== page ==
Members have Priority Booking until 3 December

Twickenham is known as the home of English Rugby but this varied walk includes many hidden treasures.   There is an abundance of aristocratic and historic homes in this very green suburb located on the banks of the River Thames.  

The walk will finish in the heart of the old village with its preserved historic main street near Eel Pie Island, famous for its rock history.  There are plenty of cafes and pubs for lunch.

High streets: Resilience and resourcefulness
Wash Houses, 25 Old Castle Street, E1 7NT
Tube: Aldgate East (District, Hammersmith & City lines)

Tuesday, 5 February, 6:30 - 8:30

High streets are full of people who make things happen. In this session, three speakers will optimistically explore the suppleness, originality and inventiveness of UK high streets from different perspectives. Join Stacey AdamiecJamie Dean and Mark Brearley as The London Society kicks off its look at London's high streets.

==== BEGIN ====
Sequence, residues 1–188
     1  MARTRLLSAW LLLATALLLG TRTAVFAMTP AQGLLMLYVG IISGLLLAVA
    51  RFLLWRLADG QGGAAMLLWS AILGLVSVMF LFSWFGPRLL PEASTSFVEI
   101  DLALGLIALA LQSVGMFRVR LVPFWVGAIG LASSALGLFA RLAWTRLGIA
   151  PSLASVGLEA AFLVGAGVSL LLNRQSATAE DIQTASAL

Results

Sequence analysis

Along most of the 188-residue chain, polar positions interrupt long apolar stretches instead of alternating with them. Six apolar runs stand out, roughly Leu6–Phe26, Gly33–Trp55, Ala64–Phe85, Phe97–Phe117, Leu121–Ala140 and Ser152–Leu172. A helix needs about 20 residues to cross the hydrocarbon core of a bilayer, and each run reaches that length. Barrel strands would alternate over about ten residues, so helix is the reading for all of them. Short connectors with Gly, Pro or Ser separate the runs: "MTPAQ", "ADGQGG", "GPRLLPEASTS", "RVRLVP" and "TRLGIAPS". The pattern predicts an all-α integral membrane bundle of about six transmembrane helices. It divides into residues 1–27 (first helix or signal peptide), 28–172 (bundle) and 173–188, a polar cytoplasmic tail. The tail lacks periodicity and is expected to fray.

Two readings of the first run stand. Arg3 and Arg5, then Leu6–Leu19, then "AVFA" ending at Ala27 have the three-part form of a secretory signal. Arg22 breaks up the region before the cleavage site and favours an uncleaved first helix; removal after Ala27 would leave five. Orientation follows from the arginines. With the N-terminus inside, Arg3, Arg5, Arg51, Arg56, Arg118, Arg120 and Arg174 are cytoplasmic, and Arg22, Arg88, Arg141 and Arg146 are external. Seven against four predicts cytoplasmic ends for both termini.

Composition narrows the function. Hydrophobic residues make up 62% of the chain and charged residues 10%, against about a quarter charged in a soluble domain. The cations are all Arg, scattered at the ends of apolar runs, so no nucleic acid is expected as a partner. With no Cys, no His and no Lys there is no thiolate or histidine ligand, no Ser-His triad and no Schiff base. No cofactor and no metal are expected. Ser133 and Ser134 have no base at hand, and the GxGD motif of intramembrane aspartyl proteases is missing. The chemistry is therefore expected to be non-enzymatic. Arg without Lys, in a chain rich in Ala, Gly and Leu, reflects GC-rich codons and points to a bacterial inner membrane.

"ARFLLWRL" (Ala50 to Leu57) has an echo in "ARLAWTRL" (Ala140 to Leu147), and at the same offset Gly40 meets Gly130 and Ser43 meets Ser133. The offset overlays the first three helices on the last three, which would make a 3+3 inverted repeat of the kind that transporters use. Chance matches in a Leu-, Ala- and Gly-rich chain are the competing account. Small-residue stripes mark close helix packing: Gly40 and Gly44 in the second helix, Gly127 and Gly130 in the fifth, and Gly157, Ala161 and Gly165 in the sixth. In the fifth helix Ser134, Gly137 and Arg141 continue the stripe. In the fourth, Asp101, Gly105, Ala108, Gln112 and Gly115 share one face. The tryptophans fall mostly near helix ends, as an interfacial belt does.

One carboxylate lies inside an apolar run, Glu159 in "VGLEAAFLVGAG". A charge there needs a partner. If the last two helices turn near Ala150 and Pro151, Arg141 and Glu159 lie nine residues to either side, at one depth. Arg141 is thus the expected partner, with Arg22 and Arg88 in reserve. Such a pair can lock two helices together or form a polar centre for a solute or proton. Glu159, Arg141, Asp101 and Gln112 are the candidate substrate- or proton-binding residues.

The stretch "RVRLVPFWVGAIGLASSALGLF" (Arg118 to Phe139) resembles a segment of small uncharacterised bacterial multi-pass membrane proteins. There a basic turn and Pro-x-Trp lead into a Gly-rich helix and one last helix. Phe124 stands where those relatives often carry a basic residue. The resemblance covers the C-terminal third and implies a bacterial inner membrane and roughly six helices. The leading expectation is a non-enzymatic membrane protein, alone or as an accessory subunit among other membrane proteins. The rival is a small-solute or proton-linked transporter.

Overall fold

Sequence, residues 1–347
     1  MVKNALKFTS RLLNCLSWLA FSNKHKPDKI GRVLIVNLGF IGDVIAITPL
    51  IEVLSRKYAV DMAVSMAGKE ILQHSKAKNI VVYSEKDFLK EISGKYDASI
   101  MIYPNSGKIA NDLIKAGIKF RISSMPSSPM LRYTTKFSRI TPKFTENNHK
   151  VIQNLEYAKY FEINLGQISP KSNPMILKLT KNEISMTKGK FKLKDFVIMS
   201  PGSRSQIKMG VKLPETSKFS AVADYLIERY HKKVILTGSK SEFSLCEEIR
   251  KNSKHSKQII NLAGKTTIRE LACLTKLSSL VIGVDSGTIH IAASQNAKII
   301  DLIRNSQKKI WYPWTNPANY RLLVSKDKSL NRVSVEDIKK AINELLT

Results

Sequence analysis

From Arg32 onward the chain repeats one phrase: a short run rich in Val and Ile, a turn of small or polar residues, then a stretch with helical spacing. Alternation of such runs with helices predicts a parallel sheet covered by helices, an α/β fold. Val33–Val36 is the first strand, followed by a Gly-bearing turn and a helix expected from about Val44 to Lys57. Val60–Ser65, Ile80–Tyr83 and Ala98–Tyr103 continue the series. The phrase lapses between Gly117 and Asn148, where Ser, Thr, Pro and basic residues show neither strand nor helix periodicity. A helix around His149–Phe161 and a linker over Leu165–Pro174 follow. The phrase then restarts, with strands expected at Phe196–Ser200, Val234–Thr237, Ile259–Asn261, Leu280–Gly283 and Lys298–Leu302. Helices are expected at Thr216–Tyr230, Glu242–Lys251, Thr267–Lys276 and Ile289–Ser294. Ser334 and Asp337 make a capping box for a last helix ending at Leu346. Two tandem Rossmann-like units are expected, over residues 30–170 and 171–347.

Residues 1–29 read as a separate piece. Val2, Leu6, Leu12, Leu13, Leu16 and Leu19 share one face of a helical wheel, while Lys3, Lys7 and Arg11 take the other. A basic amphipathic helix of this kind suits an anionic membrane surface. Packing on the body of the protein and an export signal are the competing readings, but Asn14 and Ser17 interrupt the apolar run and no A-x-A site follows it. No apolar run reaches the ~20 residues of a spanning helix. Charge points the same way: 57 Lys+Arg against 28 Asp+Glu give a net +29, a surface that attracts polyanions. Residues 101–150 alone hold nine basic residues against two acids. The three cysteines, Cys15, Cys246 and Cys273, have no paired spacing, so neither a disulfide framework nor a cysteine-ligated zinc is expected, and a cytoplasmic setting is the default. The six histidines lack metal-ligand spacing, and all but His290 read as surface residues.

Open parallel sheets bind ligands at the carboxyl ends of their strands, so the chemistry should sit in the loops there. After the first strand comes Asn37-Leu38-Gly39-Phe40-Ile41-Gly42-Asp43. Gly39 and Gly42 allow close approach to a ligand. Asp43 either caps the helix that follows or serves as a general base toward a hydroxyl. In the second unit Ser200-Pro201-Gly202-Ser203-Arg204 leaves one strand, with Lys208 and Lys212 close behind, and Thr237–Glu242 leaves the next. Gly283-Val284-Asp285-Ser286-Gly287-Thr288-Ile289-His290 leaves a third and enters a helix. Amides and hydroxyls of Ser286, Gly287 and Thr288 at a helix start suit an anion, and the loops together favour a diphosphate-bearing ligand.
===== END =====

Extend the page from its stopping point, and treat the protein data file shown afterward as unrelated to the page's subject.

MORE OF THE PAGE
Stacey Adamiec is a Growth & Start Up Strategist who is passionate about high streets. She began developing studios and spaces for creative industries in Swansea and is now an expert in building resilience and resourcefulness in high street businesses. Jamie Dean is North East Area Regeneration Manager at the Greater London Authority, responsible for the City Hall high streets work stream. He leads on the development of the GLA's High Streets programme and coordinates the Mayors Design Advisory Group. Mark Brearley is the owner of a tray factory and Professor of Urbanism at The Cass, London Metropolitan University. Former head of Design for London, Mark initiated the Mayor's work focused on London's high streets and now campaigns passionately for high streets to become the focus of 21st century economic life in the UK.